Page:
A wave of roadside bombings have hit Mogadishu this week, killing at least seven people, in incidents that police and residents have blamed on al Qaeda-affiliated al Shabaab militants, who are seeking to topple the government.
Government forces have struggled to secure Mogadishu against attacks by the rebels who withdrew from most of their bases in the capital in August but vowed to launch large-scale attacks against government targets.
"I am alive. It was a suicide bomber. You can see his body parts. Four of our soldiers died and 12 were wounded," General Abdikarim Yusuf Dhagabadan told reporters at the site of the attack, Villa Baidoa.
The compound is sometimes used by President Sheikh Sharif Ahmed.
"The suicide bomber took advantage when guards were changing shifts at the main gate," the army chief said.
In the Dharkenley district of Mogadishu, a roadside bomb apparently targeting women street sweepers, killed four people and wounded 39, police officer Mohamed Qasim told Reuters.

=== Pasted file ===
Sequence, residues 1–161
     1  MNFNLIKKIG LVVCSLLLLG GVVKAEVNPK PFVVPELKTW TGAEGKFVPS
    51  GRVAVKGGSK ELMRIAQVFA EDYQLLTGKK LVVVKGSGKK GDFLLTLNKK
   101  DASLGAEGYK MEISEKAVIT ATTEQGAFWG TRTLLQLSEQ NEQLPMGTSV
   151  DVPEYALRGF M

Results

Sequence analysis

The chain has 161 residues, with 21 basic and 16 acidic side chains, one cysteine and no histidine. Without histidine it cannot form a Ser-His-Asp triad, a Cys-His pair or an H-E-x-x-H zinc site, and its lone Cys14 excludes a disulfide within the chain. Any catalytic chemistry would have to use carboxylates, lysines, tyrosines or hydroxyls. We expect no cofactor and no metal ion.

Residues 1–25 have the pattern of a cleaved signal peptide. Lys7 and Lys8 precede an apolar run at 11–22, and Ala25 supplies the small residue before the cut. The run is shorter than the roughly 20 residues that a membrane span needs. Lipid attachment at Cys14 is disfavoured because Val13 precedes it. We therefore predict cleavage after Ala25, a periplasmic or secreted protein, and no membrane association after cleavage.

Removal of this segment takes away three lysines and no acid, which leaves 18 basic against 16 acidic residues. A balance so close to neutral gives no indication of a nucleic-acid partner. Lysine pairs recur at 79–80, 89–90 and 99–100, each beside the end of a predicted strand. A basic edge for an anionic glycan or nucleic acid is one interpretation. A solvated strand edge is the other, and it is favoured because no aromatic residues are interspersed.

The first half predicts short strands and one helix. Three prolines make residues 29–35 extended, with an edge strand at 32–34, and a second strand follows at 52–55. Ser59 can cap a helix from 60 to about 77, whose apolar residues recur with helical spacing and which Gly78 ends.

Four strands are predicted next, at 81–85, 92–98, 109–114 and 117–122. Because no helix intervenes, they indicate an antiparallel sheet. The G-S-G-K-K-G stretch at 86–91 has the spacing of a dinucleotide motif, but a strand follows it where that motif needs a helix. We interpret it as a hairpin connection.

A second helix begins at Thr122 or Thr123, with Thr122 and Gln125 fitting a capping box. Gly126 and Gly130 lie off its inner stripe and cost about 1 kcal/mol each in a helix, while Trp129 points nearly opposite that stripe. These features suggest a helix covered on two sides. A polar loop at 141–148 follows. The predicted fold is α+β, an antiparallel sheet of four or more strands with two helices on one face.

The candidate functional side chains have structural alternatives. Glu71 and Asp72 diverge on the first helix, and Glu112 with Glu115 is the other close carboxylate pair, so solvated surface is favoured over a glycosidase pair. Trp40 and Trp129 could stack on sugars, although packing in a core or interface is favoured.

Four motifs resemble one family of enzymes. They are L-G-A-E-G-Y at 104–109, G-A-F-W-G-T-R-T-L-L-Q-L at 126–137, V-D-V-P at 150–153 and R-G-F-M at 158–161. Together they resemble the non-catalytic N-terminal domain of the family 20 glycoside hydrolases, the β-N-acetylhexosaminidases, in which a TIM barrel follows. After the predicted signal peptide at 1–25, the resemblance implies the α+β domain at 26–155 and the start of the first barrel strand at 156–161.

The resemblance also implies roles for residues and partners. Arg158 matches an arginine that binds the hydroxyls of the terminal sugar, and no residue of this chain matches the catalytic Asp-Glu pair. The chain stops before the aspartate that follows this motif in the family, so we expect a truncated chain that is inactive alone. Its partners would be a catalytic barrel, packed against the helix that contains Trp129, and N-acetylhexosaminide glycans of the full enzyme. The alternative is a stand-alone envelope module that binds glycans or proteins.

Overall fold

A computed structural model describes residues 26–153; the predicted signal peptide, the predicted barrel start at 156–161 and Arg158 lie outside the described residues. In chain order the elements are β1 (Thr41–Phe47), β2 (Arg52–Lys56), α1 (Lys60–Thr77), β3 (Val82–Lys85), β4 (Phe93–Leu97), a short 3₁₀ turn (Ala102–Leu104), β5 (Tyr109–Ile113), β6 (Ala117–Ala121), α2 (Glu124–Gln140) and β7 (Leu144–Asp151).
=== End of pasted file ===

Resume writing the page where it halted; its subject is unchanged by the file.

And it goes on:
Ali Muse, coordinator of the ambulance service in Mogadishu, told Reuters he expected the death toll to rise.
A hand grenade lobbed at government soldiers wounded two people near Mogadishu port and another roadside bomb exploded prematurely in the Hamarjejab district.
The Somali government condemned the wave of attacks.
"After having been defeated in the battle field and after realising never to have had any support or confidence from the Somali people, they are engaged in a campaign of terrorising the civilian population," Information Minister Abdulkadir Hussein Mohamed said in a statement.
Since pulling out from most of their bases in August, al Shabaab have carried out large-scale suicide bomb attacks that have killed dozens of people in the capital.
The Islamist militants who want to impose a harsh interpretation of sharia law across the anarchic Horn of Africa nation, are battling Somali government troops, along with Kenyan and Ethiopian forces, in the rebel-controlled southern and central parts of the country. (*)